WASHINGTON (AP) -- David Nichols studies the way psychedelic drugs act in the brains of rats. But he's haunted by how humans hijack his work to make street drugs, sometimes causing overdose deaths.
Nichols makes chemicals roughly similar to ecstasy and LSD that are supposed to help explain how parts of the brain function. Then he publishes the results for other scientists, hoping his work one day leads to treatments for depression or Parkinson's disease.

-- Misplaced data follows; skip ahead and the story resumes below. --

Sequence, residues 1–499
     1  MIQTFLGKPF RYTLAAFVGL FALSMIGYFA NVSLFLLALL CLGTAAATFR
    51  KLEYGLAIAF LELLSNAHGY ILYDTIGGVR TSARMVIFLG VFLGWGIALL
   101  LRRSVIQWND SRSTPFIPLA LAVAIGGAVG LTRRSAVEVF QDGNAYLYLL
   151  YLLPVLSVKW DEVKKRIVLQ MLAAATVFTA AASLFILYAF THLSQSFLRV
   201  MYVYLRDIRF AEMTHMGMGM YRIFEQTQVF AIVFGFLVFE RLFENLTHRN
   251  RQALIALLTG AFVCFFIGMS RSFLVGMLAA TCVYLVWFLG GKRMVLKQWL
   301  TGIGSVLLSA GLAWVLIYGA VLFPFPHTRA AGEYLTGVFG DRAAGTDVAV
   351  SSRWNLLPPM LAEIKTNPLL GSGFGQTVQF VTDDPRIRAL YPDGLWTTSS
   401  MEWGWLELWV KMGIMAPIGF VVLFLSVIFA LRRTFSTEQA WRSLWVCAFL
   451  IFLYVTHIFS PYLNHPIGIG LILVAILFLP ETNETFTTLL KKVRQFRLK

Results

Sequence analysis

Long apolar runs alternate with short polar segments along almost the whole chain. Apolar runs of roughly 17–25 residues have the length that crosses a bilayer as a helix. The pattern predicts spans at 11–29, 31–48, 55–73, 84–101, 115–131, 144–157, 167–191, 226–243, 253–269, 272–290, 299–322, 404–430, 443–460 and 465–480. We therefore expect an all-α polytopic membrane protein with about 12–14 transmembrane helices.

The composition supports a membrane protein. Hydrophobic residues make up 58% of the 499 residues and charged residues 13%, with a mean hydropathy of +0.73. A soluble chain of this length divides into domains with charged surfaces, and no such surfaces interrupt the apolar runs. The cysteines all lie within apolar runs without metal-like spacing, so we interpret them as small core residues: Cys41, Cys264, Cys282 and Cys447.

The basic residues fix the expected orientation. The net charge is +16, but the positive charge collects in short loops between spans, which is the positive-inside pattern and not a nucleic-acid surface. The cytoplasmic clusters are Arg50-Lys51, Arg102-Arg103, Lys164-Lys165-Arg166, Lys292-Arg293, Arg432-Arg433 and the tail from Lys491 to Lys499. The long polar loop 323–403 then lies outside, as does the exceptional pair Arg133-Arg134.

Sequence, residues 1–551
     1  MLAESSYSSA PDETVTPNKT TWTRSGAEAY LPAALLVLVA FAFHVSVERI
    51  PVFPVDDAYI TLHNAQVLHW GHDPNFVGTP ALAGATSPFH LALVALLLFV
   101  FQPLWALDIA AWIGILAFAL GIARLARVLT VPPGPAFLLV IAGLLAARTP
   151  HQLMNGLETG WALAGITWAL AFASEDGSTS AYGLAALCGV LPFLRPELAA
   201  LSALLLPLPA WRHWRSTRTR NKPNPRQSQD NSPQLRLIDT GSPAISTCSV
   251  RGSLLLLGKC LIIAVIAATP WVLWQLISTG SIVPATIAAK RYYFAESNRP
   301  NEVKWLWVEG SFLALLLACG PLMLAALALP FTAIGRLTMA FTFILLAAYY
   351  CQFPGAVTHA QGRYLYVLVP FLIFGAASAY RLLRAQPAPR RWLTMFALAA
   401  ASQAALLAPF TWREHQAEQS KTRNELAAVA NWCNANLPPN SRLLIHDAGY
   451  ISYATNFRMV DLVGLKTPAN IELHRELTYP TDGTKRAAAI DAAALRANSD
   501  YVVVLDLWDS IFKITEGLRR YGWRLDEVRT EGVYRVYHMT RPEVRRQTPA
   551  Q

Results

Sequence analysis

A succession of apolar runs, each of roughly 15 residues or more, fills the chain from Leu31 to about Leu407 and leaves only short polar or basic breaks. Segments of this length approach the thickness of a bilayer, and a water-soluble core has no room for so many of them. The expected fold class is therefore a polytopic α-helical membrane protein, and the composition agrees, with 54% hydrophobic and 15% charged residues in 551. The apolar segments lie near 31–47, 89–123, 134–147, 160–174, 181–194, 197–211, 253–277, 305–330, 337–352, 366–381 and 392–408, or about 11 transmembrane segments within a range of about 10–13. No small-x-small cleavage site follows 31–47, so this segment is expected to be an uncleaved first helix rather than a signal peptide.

But Nichols' findings have not stayed in purely scientific circles. They've also been exploited by black market labs to make cheap and marginally legal recreational drugs.
"You try to work for something good, and it's subverted in a way," Nichols said. "I try not to think about it."
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Jessica Wilson/ KETKnbc.com